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– Written by Abbey Bamford – July 2, 2024

Inaugural Design Truth Award celebrates state school education

TDC PR sponsored last night’s award event alongside Kingfisher, where we got to personally congratulate Sam Russell for his innovative and inclusive winning project.

Design Truth wrapped up its inaugural student award last night with a celebration of its winner and all those who entered at The Hawk’s Nest in Shepherds Bush. 

Nottingham Trent University’s Sam Russell took home the award and will now receive paid work experience at leading design studios Studio Wood & Aetha Design, as well as mentorship from industrial designer Nick Chubb and free tickets to future Design Truth events. 

Russell’s final year project, titled Janus, is a smart speaker device featuring a screen that gives a written transcript of the request and answer, alongside an AI-assisted camera system which recognises sign language. QUOTE FROM RUSSELL

Design Truth founder Brad Harper says that this project “encapsulated the spirit of the award” as it tackles price discrimination, harnesses new technology for good, and “presents what design should be all about”. 

But in an industry already saturated with competitions and prizes, why should we care about this one? 

One thing that sets the Design Truth Award apart from the rest is that it was set up to celebrate state school education, which is unfortunately suffering under the pressure of budget cuts and lack of teachers. 

Design & Technology in particular has been decimated from the curriculum, a subject that many industrial designers will have studied during their school days. As part of last night’s ceremony, TDC’s founder Tim Duncan spoke on the current state of design education in a short address. 

Tim highlighted the current uncertainty surrounding the future of Design & Technology in schools as well as encouraging everyone to get behind the Design & Technology Association’s manifesto and initiatives to save and grow D&T education. He also noted why awards like this are so important to diversifying the industry, and ensuring that creative subjects are accessible to all.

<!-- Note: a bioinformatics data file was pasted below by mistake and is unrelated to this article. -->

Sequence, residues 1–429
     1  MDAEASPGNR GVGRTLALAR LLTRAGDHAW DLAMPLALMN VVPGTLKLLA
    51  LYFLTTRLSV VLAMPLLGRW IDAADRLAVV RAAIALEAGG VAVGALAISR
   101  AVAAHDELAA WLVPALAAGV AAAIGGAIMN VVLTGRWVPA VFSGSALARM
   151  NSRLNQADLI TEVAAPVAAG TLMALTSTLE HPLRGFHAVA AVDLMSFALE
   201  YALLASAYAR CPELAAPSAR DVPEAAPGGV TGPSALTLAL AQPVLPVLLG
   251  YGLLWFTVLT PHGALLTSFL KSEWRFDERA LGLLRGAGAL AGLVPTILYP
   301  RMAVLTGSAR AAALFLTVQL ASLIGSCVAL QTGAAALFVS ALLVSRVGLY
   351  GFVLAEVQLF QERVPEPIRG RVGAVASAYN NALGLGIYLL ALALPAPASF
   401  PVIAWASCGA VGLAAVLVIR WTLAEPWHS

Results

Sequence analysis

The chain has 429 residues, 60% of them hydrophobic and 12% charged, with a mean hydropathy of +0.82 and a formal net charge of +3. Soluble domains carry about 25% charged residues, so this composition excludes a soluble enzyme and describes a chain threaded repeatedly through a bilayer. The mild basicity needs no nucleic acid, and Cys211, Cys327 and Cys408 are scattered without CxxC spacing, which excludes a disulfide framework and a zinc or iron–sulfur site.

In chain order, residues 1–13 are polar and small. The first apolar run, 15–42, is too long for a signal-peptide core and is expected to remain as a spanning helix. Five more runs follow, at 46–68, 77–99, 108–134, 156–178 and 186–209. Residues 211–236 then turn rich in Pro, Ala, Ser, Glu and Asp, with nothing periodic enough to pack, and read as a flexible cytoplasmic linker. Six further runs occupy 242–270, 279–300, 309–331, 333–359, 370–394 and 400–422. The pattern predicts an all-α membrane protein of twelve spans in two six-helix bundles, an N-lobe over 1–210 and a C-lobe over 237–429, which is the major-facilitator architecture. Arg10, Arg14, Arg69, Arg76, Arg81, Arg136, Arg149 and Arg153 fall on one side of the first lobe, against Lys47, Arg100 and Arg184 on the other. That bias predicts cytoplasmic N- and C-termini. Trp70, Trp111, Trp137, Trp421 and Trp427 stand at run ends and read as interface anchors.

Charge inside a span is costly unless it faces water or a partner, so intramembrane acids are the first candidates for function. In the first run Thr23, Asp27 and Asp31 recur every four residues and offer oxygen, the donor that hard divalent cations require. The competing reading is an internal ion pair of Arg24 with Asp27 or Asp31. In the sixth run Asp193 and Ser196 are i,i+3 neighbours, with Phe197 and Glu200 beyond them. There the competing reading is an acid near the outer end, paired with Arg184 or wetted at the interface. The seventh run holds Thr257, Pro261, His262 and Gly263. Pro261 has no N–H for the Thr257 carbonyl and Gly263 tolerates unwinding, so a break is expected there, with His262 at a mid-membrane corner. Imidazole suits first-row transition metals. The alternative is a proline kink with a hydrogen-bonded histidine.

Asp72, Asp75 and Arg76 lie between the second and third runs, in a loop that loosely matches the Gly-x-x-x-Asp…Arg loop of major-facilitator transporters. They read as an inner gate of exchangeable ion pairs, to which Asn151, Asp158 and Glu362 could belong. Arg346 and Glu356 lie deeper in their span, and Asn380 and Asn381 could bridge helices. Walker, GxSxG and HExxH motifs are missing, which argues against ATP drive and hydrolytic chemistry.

TDC PR was the main sponsor for the award event and has an ongoing relationship with Design Truth, putting it at the centre of the industrial design sector which has been affected by the uncertain economy as well as a lack of diversity as of late.

The design economy as a whole is suffering, according to Harper, with opportunity, recognition, and investment becoming increasingly hard to obtain. “We wanted to create a system in which our winner receives all three and create an award that speaks for the people, not a trophy for another piece of overpriced furniture,” he says. 

Judges for this year’s award were Bournemouth-based Studio Wood founder and creative director James Wood, Morrama creative lead Léa Berger, manufactured.design founder Dan Barnes, Brighton-based technology company gomi co-founder Tom Meades and creative practice consultant Helen Liang.

gomi also designed and made the award itself, which was carved from melted down waste plastic bags and created to focus attention on our future. “Our brief was to create something beautiful, memorable and that would fit on the desk without getting in the way”, says Harper.

Offcuts from the making process have been melted down, and pressed into a custom range of power banks will be given to those on the final shortlist of five.

Other honourable mentions from the entries included University of Leeds student Rosie Monteith, Loughborough University’s Riess Fernandes & Oliver Heath, Manchester Metropolitan University’s Dexter Wisby, and George Cooper from Ravensbourne University.

You can find out more about the award on the Design Truth website.